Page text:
By Natalie Stamper, Psy.D
New Year’s resolutions, depending on who you ask, are something we look forward to or completely dread. One would reason change is a good thing – especially it is a self-guided betterment of oneself. Among the most popular choices are weight loss, exercise, money management, and quitting smoking (Proactive Change). All of these resolutions are good choices; that’s the first part. If only 46% make it past six months alone, where did we go wrong (Proactive Change)?
First, a good start would be to look at what a habit is. According to Professor Clayton R. Cook, Ph.D., habits are “behaviors that are provoked somewhat automatically in response to cues embedded in the environment” (Cho). Examples of such behaviors are brushing your teeth after getting up in the morning. Brushing your teeth is the behavior and getting up is the environmental queue. So, to form a habit, one must replace a behavior with another. Instead of grabbing a bag of chips when you are hungry, instead, you can grab an apple or a more healthy option. What this does is create another behavior to compete with your pre-existing one; realizing you are hungry signals that cue to grab chips, but it will also cue you to grab an apple (Cho). Then, once you grab enough apples (or another healthy option before you get sick of apples completely), it will become a routine. At this point, it does not require any further thought, for it is embedded in your brain. Establishing healthy habits is all about repetition.
Additionally, relapse is a part of making resolutions. The pitfall for many is not being discouraged by this. Only when you overcome relapse and stick with your habit can you can safely say you have made progress. Always keep in mind that slow progress is still progress. You do not have to reach a set goal within a week, but knowing you are inching closer and closer by the day is enough of a motivator to keep on track. Even so, goals can be the undoing of countless resolutions. Visualizing great success far down the line can especially hurt once you reach said point down the line. Maybe you wanted to lose 30 pounds by June, but only lost 20? You should be proud! Look how far you’ve come. If you can make an ounce of progress and stick with it, props to you. That is more than 54% of adults can say by June. For many, things as simple as riding a bike at least four times a week or maintaining a weekly spending limit can do wonders. Concrete guidelines ensure you are maintaining some semblance of progress, even at your lowest motivation.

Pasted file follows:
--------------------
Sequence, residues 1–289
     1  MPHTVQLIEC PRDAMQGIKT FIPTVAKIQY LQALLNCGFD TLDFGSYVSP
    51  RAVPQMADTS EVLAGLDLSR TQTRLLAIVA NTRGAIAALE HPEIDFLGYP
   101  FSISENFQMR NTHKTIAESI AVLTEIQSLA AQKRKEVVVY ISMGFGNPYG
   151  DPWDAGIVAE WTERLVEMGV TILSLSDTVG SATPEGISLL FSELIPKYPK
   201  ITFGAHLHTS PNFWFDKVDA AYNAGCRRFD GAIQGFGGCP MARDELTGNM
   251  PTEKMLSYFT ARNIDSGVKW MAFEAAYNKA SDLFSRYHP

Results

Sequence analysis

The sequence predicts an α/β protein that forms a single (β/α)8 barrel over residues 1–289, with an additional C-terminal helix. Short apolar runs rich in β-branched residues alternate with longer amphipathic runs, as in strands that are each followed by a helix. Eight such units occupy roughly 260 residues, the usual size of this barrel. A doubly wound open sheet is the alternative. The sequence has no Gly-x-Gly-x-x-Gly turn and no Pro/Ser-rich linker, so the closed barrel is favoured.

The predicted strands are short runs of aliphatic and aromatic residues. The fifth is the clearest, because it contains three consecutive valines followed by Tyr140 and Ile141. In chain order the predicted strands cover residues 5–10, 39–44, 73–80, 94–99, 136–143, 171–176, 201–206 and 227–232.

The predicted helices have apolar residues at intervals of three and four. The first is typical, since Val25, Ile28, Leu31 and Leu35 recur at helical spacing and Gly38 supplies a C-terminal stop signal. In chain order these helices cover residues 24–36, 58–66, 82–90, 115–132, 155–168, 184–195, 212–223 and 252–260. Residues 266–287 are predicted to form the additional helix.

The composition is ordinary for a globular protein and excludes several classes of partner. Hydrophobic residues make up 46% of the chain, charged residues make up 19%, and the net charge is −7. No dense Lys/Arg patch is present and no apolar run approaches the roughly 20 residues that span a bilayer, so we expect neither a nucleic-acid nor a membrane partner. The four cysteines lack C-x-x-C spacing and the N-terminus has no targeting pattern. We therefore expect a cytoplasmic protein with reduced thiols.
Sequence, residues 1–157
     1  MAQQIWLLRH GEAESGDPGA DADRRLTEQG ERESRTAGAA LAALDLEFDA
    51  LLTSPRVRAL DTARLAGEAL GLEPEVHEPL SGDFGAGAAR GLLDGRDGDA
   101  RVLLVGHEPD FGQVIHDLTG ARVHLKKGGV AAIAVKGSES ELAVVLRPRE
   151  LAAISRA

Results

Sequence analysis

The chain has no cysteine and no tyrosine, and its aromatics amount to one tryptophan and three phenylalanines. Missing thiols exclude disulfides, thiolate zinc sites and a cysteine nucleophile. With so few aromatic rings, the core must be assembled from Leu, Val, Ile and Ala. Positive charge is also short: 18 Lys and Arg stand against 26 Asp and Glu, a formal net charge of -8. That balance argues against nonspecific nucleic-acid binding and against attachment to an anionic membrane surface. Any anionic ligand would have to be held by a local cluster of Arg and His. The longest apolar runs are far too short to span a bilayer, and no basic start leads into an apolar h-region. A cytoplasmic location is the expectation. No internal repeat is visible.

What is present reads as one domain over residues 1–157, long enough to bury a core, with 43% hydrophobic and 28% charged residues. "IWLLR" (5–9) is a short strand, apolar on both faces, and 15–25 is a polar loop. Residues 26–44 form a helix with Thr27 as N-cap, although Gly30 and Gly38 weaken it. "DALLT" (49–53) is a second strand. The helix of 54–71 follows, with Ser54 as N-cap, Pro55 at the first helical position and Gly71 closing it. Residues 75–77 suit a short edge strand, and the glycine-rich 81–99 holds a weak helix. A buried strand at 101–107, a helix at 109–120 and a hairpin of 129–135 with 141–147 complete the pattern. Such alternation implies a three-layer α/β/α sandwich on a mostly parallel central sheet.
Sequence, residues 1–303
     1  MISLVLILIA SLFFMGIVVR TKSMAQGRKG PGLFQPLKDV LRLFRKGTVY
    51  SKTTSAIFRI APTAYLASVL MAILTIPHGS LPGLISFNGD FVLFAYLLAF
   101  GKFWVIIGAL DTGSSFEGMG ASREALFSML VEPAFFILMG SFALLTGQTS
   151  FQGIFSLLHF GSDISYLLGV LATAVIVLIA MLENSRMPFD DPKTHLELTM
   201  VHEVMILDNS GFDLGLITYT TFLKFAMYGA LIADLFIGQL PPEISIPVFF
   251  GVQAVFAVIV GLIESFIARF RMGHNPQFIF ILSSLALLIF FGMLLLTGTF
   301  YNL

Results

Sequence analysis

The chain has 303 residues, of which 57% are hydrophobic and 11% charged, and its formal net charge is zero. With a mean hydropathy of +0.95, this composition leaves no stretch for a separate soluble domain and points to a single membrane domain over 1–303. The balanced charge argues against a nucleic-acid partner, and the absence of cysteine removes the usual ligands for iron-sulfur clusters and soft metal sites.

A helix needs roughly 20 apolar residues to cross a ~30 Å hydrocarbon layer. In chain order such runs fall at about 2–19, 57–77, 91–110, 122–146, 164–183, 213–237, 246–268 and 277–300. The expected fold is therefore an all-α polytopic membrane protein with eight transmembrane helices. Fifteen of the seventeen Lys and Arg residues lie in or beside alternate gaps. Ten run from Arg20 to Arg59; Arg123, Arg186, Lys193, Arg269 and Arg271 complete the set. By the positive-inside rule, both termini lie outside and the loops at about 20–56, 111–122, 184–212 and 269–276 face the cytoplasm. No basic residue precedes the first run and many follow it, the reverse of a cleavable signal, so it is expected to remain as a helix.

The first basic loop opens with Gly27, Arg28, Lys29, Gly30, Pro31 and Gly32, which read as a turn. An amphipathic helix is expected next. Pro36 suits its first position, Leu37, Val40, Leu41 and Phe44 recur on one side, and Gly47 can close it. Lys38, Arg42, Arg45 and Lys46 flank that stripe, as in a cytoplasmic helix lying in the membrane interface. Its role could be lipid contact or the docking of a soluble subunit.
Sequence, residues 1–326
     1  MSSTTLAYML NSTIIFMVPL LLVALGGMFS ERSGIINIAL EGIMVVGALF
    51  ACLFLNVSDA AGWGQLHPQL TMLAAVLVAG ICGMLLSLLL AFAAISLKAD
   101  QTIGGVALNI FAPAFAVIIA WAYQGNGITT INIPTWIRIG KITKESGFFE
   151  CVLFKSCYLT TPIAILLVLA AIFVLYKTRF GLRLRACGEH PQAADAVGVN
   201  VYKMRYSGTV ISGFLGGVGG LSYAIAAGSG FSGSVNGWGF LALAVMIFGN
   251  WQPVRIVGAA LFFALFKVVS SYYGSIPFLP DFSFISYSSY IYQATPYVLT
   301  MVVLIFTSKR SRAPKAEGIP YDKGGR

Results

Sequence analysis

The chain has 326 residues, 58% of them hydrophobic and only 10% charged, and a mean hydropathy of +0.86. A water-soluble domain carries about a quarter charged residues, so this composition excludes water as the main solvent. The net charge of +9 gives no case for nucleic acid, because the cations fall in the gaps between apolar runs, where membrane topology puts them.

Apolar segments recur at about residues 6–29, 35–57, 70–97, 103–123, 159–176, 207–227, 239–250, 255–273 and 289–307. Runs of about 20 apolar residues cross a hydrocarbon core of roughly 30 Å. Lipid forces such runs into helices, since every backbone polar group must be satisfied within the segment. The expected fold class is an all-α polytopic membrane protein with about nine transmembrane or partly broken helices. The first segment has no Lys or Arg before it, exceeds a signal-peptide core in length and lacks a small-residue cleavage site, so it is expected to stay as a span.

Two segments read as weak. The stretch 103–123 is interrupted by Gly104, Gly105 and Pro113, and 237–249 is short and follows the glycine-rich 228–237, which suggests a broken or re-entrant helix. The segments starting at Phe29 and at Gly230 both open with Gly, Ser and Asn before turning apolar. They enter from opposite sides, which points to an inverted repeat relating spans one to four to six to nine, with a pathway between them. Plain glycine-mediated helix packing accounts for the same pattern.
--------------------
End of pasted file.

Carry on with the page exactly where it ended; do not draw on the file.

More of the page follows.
Imagine how much better you will feel after following through with resolutions, regardless of immense or slight progress. Sticking with a habit and keeping a mindset of bettering oneself can make you feel so much better than you could without it. Better yet, imagine how delicious that slice of chocolate cake will feel when you know you have earned it. Habits can make or break us all – which side do you want to be on?
“Statistics: Top New Year’s Resolutions & How to Keep Them.” Stages of Grief & Loss: Grief Cycle & Grieving Process, Proactive Change, proactivechange.com/resolutions/statistics.htm.
Cho, Jeena. “The Science Behind Making New Year’s Resolutions That You’ll Keep.” Forbes, Forbes Magazine, 28 Dec. 2016, www.forbes.com/sites/jeenacho/2016/12/26/the-science-behind-making-new-years-resolutions-that-youll-keep/#3914f2287491.